What matters now, in 2010, is not that you are “conscious,” “progressive,” or “political” in terms of knowledge but that you are relevant with a personality that can transcend language, borders, creed, class and color. When progressives criticize President Barack Obama purely on policy grounds and remain confused as to why he is so popular and appealing around the world, even though he is the American Emperor, it is because they don’t understand that he is reaching people with a personality and cultural identity that is universal and cosmopolitan. It is the same thing that made Muhammad Ali popular and claimed by the world, and what makes Minister Farrakhan a respected international leader. They authentically – through cultural kinship, religion, or careful use of language represent an identity broader than their current place of residence. If political and “conscious” artists would suspend their knee-jerk ideological criticism of the President long enough (again, this is one of their hang-ups – ideology matters more than strategy), they would see that the Personality of Barack Hussein Obama is what the conscious artist needs, from a marketing standpoint.

As I wrote in “Barack Obama: Diasporic Personality, Cultural Entrepreneur, American Emperor”:

“He’s mobile, cosmopolitan, sophisticated and a risk-taker. He embraces change – both technological and demographic. He deftly moves in and out of different perspectives and civilizations, which by the way dovetails nicely with the Aloha Spirit (which he absorbed in Hawaii, where he did middle and high school). His socialization skills and ability to adapt to different cultures is uncanny. But this also makes him the ultimate challenge to rigid forms of identity (tribe, race, religion, ethnicity, political ideology, partisanship, and nationalism). He is foremost a universalist. He resists and pushes back any time he is pigeon-holed or stereotyped.”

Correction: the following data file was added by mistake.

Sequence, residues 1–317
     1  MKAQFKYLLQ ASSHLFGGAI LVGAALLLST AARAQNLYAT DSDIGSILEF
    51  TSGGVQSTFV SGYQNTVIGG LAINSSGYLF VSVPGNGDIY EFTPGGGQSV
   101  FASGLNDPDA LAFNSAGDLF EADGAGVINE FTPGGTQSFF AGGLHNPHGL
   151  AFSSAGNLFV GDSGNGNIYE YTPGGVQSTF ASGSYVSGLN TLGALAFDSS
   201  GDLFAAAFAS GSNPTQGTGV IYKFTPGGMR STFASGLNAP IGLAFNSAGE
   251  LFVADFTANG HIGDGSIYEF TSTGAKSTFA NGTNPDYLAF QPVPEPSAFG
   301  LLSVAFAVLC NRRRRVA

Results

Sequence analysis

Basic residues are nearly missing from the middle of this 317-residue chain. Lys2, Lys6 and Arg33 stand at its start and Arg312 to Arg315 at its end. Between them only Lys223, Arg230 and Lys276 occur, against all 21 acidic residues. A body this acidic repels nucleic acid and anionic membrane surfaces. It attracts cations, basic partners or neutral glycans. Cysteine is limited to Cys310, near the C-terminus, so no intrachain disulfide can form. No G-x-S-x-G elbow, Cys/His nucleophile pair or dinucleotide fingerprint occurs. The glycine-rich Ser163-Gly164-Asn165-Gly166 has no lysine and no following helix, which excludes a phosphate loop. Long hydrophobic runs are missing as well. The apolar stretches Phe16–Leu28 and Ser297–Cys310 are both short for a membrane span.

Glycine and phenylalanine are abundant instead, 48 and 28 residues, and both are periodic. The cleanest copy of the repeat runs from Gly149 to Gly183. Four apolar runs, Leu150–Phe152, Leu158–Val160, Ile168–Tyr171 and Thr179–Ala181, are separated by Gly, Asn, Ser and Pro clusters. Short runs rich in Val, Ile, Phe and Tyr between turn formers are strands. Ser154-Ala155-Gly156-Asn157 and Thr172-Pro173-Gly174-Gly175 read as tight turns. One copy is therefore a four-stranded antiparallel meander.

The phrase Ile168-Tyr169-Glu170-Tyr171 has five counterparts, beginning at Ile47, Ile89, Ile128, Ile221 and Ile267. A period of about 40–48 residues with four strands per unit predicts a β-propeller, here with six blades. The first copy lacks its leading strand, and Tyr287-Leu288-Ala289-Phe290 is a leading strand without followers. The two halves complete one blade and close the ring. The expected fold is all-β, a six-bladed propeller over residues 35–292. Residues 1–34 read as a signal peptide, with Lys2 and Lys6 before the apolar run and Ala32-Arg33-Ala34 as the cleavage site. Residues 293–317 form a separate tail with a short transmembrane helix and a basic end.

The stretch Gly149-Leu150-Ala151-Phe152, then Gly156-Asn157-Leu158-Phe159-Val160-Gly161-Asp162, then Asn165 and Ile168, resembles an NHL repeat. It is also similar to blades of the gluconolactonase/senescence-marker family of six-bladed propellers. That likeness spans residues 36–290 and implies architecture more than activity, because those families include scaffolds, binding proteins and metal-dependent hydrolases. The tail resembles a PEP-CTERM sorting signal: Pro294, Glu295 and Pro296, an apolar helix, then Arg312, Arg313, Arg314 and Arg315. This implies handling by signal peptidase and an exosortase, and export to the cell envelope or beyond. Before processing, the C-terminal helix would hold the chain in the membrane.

Here again, Immortal Technique and dead prez stand out.

Immortal Technique – who is originally from Peru is as capable of building on the block in Harlem or Down South, as he is of speaking at Saviours’ Day (which he did in 2008) as he is appearing on international channel Russia Today (giving an interview after the flotilla incident which brought Israel and Turkey at odds publicly: http://www.youtube.com/watch?v=L9WCrIWLKBY). And peep how Immortal does so while rocking his official T-shirt and a Yankees hat! His brand-image-reputation are in alignment.

And who but M1 of Dead Prez could be at the center of something as powerful as the Ni Wakati project (http://www.youtube.com/watch?v=WVW4cTnpa6I) produced by the brilliant Michael Wanguhu that brought together rappers from East Africa and America for a real on-the-ground connection and collaboration? Although Dead Prez are socialist in political ideology, they respect something that I believe is even more powerful – cultural kinship. And I hope we will never forget the leadership and ‘creative risk’ Dead Prez took in doing a song with Jay-Z (the artist the conscious rap community may love to hate more than any other). I was one of the few willing to publicly praise them for ‘Hell Yeah’ (Pimp The System) remix (http://www.blackelectorate.com/articles.asp?ID=1087) and I still rock the hot ‘Revolutionary But Gangsta’ T-shirt in support.

It will be Diasporic personalities who are political but also marketable, like Queen Yonasda and Ana Tijoux, that will make it hot – in both the states and abroad this decade (http://allhiphop.com/stories/editorial/archive/2010/05/11/22213013.aspx).

****

It is so sad to see, at times, how superficial the conscious rap community can be.

Their/our narrow-mindedness actually repels artists and potential supporters more than it attracts them or influences them to say and do better.

If the decline of the US-based conscious MC is to be stopped, it will not begin by blaming a platinum artist or “the system.”

It must start with an honest look in the mirror.

Cedric Muhammad is a business consultant, political strategist, and monetary economist. He’s a former GM of Wu-Tang Management and currently a Member of the African Union’s First Congress of African Economists. Cedric’s the Founder of the economic information service Africa PreBrief (http://africaprebrief.com/) and author of ‘The Entrepreneurial Secret’ (http://theEsecret.com/). He can be contacted via e-mail at: cedric(at)cmcap.com